If students are going to get the most out of school, they need to be engaged. Research shows, for example, that disengaged students are more likely to suffer a range of bad consequences, such as failing a course, repeating a grade, and dropping out. Yet however much rhetoric we may hear about building a “student-centered” education system, the education research world spends little time focusing on student perspectives.
To amplify student voices, the Thomas B. Fordham Institute commissioned a survey last year asking high schoolers about their classroom experience. The nationally-representative sample included students from forty-eight states and the District of Columbia, representing all types of schools-traditional public, public magnet, parochial, independent, and charter. The results, published in Fordham’s What Teens Want from Their Schools, gave us a broad portrait of student engagement in the country, and a peek at how students view America’s education system.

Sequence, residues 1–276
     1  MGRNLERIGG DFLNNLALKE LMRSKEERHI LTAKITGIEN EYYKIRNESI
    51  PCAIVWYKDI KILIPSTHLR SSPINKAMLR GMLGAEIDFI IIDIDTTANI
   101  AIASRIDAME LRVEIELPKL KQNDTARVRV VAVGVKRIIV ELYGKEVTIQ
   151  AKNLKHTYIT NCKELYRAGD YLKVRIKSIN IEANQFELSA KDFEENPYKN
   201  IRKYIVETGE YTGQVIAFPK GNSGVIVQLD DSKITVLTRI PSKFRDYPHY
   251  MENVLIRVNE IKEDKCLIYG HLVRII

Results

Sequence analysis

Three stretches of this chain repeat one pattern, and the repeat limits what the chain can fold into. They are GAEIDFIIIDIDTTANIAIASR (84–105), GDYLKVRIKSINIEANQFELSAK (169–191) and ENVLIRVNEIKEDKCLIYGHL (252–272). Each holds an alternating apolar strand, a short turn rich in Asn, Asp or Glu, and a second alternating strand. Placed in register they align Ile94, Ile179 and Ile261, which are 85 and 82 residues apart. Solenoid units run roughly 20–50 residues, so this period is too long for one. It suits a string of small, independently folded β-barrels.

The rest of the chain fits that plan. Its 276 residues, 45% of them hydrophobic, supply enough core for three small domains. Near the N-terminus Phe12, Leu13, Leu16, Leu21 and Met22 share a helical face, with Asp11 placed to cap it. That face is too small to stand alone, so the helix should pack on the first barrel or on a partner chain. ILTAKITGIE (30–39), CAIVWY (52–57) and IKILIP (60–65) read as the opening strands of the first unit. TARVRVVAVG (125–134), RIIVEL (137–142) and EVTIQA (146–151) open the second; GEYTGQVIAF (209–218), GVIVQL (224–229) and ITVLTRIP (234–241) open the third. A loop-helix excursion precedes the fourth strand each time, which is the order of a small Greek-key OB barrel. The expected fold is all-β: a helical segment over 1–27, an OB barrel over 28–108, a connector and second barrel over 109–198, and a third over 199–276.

What is the secret sauce that makes a classroom interesting-especially to teenagers, notoriously hard to impress?
For one thing, students like doing. They like discussing, creating, researching, and they’re less interested in activities that revolve around watching and listening. Yes, those are often necessary parts of classroom activities, but a wise educator will recognize the danger of leaving students passive, and draw on strategies like cold-calling and turn-and-talks to keep them participating during lectures. Flipping the classroom, where students do the “lecture” at home via a video and then have more time for interaction and collaboration during class time, is another promising new trend.
For the results of the survey, see: